the water from atmospheric oxygen and the DO content of the water
can think of a volume of water as if it were a homogeneous medium
with a number of holes interspersed throughout the volume. The
pressure of the air immediately above the water surface will cause
these holes to be filled with air. If now a substance such as
salt is dissolved in the water, the dissolved salt will occupy
some of the holes used by the oxygen molecules as they constantly
shift from air to water and water to air in an equilibrium situation.
The amount of oxygen the water can hold at given temperature has
now decreased, but the partial pressure of the dissolved oxygen
remaining in the solution must still equal the partial pressure
of the atmospheric oxygen above the water surface. This situation
is graphically portrayed in Figure 2 where curve A represents
fresh water and curve B represents salt water.
Basically there are two general techniques for measuring DO. Each
employs an electrode system wherein the dissolved oxygen reacts
at the cathode producing a measurable electrochemical effect.
The effect may be galvanic, polarographic or potentiometric.
technique uses a Clark-type cell which is merely an electrode
system separated from the sample stream by a semi-permeable membrane.
This membrane permits the oxygen dissolved in the sample to pass
through it to the electrode system while preventing liquids and
ionic species from doing so. The cathode is a hydrogen electrode
and carries a negative applied potential with respect to the anode.
Electrolyte surrounds the electrode pair and is contained by the
membrane. In the absence of a reactant, the cathode becomes polarized
with hydrogen and resistance to current flow becomes infinite.
When a reactant, such as oxygen that has passed through the membrane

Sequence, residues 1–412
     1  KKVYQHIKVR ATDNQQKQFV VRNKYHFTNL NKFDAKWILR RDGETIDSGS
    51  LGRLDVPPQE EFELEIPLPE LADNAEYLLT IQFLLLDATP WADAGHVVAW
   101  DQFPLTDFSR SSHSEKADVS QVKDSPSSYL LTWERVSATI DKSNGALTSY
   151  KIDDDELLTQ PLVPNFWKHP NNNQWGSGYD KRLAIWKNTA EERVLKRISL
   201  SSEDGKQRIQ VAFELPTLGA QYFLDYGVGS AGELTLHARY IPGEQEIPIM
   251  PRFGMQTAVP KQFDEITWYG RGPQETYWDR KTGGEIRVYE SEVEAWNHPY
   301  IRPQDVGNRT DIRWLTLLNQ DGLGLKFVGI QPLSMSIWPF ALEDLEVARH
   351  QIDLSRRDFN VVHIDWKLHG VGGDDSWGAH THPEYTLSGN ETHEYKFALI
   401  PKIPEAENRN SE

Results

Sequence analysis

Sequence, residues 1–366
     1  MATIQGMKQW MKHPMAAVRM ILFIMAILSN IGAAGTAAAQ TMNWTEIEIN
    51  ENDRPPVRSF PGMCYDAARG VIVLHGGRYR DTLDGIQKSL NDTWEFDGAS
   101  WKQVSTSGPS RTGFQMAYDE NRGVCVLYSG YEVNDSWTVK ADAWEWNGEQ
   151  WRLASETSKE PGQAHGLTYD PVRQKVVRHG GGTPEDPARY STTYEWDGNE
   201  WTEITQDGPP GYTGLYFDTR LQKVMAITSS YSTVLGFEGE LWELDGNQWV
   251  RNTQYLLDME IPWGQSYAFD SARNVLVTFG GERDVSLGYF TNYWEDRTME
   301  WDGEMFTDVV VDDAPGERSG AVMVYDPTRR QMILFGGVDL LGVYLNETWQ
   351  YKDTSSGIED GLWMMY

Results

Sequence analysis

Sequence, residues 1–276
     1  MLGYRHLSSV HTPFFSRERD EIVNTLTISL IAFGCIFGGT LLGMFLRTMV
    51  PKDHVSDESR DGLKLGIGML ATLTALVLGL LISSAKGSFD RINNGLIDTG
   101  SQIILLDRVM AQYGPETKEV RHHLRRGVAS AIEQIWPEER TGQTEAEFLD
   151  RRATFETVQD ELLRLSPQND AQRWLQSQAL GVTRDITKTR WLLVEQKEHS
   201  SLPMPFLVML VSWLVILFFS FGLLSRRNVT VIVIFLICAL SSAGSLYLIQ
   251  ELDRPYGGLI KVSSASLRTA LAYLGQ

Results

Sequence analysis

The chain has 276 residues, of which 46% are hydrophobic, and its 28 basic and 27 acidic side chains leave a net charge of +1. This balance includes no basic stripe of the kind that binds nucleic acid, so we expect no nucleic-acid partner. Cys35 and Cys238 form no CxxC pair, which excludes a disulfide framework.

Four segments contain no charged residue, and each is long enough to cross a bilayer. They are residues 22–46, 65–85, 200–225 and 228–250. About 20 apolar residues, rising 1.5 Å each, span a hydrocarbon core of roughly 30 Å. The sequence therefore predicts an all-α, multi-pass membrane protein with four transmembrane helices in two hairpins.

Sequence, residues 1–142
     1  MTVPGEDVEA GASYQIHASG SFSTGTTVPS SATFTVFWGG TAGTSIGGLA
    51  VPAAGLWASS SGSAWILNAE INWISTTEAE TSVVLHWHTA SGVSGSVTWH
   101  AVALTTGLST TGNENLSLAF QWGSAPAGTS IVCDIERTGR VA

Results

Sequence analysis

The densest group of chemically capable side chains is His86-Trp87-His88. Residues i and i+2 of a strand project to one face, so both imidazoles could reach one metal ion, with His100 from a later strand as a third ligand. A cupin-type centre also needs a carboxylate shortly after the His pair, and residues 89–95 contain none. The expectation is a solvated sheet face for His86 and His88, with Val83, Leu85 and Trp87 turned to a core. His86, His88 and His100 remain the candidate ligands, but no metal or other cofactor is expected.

is present, the cathode is depolarized and electrons are consumed.
The anode of the electrode pair must react with the product of
the depolarization reaction with a corresponding release of electrons.
As a result, the electrode pair permits current to flow in direct
proportion to the amount of oxygen or reactant entering the system;
hence, the magnitude of the current gives us a direct measure
of the amount of oxygen entering the system.
probes readily lend themselves to conditions of high interfacial
turbulence. In the case of the thallium probe, a high degree of
turbulence may decrease the life of the probe because high turbulence
will sweep away the thallium ions, thus causing electrode depletion.
dissolved organic materials are not known to interface with the
output from dissolved oxygen probes, inorganic salts are a factor
in the performance of the probes. As we saw in Figure 2, we must
apply a correction factor to the output of probes with membranes
when used in salt solutions. The thallium probe requires the presence
of salts in concentrations which provide a minimum conductivity
of approximately 200 micromhos.
two principle gaseous interferers of membrane probe measurements
are chlorine and hydrogen sulfide. Sulfur compounds such as hydrogen
sulfide, sulfur dioxide and mercaptans cause erroneous outputs
from the thallium probe. Halogens do not interfere with the thallium
probe.Figure 3 - Velocity, Agitation, and/or Turbulence Effects
of Interfacial Dynamics on Probe Output.Figure 2 - Typical Curves
Concentration of Dissolved Oxygen at Saturation
low dissolved oxygen concentrations, pH variations below pH 5